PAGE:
OB WILLFULNESS. Supreme Court has refused to follow this

When on the facts pleaded the law raises

an inference of negligence or willfulness, it distinction in the Moore Case, supra, and is unnecessary to formally charge negligence also in the per curiam opinion rendered in or willfulness, although it is advisable to do the case of Margrane v. Railway, 183 Mo. so to save time and labor in the courts in pass137, 81 S. W. 1158, wherein it withdraws ing on the sufficiency of the pleading.

[Ed. Note.-For other cases, see Pleading, paragraph 5 of the original opinion of Judge Cent. Dig. $ 29; Dec. Dig. 8 9.*] Valiant, which reversed and remanded the 3. PLEADING' (8 418*) — DEMUBREB — WAIVER case because evidence of the disease of in- BY ANSWER. somnia and impaired eyesight was admitted Where a petition was sufficient after verunder a general allegation which did not dict to support the judgment, a demurrer there

to was waived by answering over. plead these (183 Mo. loc. cit. 133, 81 S. W.

[Ed. Note.-For other cases, see Pleading, 1158).

Cent. Dig. 88 1399, 1403-1406; Dec. Dig. 8 As stated in the opening part of this opin- 418.*] lon, the contest was not over the question 4. TORTS (8 11")—EXTINGUISHMENT OF FIRES of liability, but over the extent of plaintiff's -INTERFERENCE-LIABILITY. injuries, and whether the collision caused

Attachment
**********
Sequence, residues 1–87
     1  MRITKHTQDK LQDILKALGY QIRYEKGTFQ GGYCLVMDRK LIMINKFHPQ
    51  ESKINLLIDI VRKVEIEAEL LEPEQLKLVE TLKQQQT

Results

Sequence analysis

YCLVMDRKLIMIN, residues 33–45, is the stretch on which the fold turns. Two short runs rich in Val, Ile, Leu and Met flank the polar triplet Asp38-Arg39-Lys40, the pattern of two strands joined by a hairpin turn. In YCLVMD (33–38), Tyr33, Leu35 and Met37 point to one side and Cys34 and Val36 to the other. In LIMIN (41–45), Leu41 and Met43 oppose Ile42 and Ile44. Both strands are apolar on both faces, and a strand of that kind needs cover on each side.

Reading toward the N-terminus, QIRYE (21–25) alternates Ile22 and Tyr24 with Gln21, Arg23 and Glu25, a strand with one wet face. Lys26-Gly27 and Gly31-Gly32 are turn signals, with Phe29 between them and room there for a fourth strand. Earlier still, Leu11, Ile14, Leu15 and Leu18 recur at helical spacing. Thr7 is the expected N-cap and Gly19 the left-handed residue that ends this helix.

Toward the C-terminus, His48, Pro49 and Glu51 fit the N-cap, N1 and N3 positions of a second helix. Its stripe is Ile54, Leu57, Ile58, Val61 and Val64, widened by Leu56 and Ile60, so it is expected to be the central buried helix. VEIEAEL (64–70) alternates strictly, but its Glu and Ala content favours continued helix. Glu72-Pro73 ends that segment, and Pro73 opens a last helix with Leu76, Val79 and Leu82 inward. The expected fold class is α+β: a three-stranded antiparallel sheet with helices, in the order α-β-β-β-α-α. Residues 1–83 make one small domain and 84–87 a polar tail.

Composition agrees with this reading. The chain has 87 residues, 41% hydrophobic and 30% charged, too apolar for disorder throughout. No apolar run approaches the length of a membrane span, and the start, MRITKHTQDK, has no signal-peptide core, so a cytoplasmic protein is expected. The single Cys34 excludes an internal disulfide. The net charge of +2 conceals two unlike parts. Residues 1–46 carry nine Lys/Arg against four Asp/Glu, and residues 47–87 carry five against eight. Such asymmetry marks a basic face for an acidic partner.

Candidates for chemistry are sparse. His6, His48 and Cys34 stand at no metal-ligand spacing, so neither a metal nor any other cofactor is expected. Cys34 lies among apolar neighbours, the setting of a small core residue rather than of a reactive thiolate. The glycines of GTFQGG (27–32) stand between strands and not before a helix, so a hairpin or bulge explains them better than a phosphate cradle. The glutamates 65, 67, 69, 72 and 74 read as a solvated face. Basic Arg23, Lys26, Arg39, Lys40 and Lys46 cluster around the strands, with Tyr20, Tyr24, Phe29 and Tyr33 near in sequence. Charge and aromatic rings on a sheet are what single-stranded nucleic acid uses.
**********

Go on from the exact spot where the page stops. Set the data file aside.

One knowingly interfering with the efforts her condition at the time of the trial. If the causing greater loss by the fire than would

of those engaged in putting out a fire, and thus miscarriage was a direct result of the colli- have been otherwise sustained or negligently or sion and of the injuries sustained, then it willfully conducting himself with knowledge of would enter into and form a part of such the facts and situation, so as to cause an inter: